Dec 01 2014


Book: Postwar

Author: Tony Judt

Reviewer: Kim Duckett, Associate Head, Digital Technologies & Learning, NCSU Libraries

In Postwar historian Tony Judt accomplishes something truly outstanding — a thorough look at the political, economic, cultural, and intellectual history of Europe between 1945 and 2005 encompassing both East and West. I marveled at how Judt could tie together so many historical themes and ideas encompassing so many countries in such an engaging way. Despite the length, I was immensely satisfied all the way through and somewhat sad that my weeks of reading it had ended once I hit the last page.

Dec 01 2014

Tomatoland, Cobalt Blue and A Stricken Field

Book: Tomatoland

Author: Barry Estabrook

Reviewer: Orion Pozo, Collection Manager, Engineering, NCSU Libraries

A report on the Florida agricultural businesses that supply winter tomatoes to supermarkets, Tomatoland focuses on a city most people don’t know – a drained swamp just 42 miles inland from Naples Florida called Immokalee. It investigates the agriculture techniques required to grow tomatoes in Florida, including the heavy use of fungicides, pesticides and herbicides, many of which are dangerous to humans. The book also looks at labor conditions and the efforts that have been taken to improve them.  If you care about social justice for farmworkers and their families, as well as your own diet, then this is a book to read before going to the grocery for your winter tomatoes.

Book: Cobalt Blue

Author: Peggy Payne

Reviewer: Orion Pozo, Collection Manager, Engineering, NCSU Libraries

When a down-on-her-luck North Carolina artist is struck one night with the grace of kundalini energy, she struggles with sexual and creative urges caused by her rising kundalini while having to negotiate her biggest commission ever, the official portrait of a right-wing US Senator from North Carolina whose political values are abhorrent to her. Cobalt Blue is a joyous and affirming book about our inner ability to grow and change.

Book: A Stricken Field

Author: Martha Gellhorn

Reviewer: Orion Pozo, Collection Manager, Engineering, NCSU Libraries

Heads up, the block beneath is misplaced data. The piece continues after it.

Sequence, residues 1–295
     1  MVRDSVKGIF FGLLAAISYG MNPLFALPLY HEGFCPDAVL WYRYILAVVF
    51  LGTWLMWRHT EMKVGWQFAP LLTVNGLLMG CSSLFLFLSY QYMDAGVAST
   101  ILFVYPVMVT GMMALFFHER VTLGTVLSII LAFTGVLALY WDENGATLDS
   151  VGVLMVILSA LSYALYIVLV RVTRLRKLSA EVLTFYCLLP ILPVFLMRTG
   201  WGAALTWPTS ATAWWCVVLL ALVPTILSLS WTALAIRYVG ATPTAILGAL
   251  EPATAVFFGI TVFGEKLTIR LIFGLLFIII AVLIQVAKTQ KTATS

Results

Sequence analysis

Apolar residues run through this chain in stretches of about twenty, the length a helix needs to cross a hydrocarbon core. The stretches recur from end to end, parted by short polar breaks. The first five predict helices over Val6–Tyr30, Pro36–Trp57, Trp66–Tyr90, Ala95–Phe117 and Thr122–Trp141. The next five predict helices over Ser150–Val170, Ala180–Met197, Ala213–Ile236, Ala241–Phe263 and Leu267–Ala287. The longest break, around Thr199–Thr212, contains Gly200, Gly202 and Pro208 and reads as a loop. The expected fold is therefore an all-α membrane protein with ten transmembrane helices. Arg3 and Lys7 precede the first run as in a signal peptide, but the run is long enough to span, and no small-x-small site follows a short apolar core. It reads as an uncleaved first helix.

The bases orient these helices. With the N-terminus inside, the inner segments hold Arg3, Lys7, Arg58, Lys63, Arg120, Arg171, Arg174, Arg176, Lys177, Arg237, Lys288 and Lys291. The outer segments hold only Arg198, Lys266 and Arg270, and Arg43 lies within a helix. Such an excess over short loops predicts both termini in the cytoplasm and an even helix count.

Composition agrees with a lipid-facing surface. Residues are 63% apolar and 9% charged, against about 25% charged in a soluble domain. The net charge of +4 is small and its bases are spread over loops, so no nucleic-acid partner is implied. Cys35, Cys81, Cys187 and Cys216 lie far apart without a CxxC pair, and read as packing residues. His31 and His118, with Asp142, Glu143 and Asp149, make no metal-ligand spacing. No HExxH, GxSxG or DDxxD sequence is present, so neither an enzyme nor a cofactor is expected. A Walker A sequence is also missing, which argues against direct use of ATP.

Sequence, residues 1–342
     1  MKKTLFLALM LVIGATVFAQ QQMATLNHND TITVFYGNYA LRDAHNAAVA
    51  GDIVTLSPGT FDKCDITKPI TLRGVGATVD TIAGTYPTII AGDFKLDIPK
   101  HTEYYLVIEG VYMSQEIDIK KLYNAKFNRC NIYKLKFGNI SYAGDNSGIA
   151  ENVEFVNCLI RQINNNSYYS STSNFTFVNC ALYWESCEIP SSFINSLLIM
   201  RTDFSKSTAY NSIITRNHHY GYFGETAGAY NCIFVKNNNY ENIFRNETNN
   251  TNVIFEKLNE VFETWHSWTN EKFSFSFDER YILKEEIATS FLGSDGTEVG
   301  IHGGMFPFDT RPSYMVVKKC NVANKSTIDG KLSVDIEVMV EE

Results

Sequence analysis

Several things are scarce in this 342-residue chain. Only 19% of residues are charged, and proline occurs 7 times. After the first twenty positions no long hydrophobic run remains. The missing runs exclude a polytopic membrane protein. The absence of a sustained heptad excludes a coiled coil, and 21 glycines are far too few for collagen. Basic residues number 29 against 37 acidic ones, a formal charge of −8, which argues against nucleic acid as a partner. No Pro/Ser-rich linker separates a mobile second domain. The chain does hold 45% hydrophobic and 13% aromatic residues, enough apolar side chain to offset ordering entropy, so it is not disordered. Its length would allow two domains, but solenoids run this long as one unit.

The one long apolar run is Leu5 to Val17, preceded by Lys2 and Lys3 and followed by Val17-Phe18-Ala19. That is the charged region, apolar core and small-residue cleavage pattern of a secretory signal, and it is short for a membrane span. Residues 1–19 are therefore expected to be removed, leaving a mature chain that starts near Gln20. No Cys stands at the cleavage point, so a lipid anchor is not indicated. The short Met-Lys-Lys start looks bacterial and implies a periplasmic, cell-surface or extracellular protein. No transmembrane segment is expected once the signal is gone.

With the signing of the 1938 Munich Agreement, Nazi Germany annexed portions of Czechoslovakia inhabited by German speakers, an area that came to be known as the Sudetenland. A Stricken Field is a novel based on a week Martha Gellhorn spent in Prague in 1938 where she got caught up in the plight of the refugees fleeing the German occupation. No longer citizens of Czechoslovakia, they were being forced to return to German controlled territory where they feared for their lives. Confronted all around by the terrible problems of good citizens hiding and being forced to return to the brutal oppression of the Nazis, Gellhorn wrote this novel about two refugees Rita and Peter who, for a brief period of time, had found refuge in each other’s love.

Dec 01 2014

Sabbath’s Theater and Ablutions

Book: Sabbath’s Theater

Author: Phillip Roth

Reviewer: John Papalas, Friends of the Library board member

Sabbath’s Theater by Phillip Roth is a full length novel that, while I can’t compare it to everything across Roth’s body of work, I can say gave me a character in Mickey Sabbath that I will never forget.  If you consider the following behaviors prohibitively coarse fictional subject matters: autoerotic cemetery folly, bartering with alcohol for favors at a detox clinic, seducing the college students you teach, et cetera,  then perhaps this one isn’t for you. However, if you want to ride shotgun alongside a reckless genius who crashes through life with a perverse drive fueled by a sense of unapologetic conceit, then I think you too will never forget Mickey Sabbath and perhaps like me, wonder if people like him have ever, or even can, exist.

Book: Ablutions: Notes for a Novel

Author: Patrick deWitt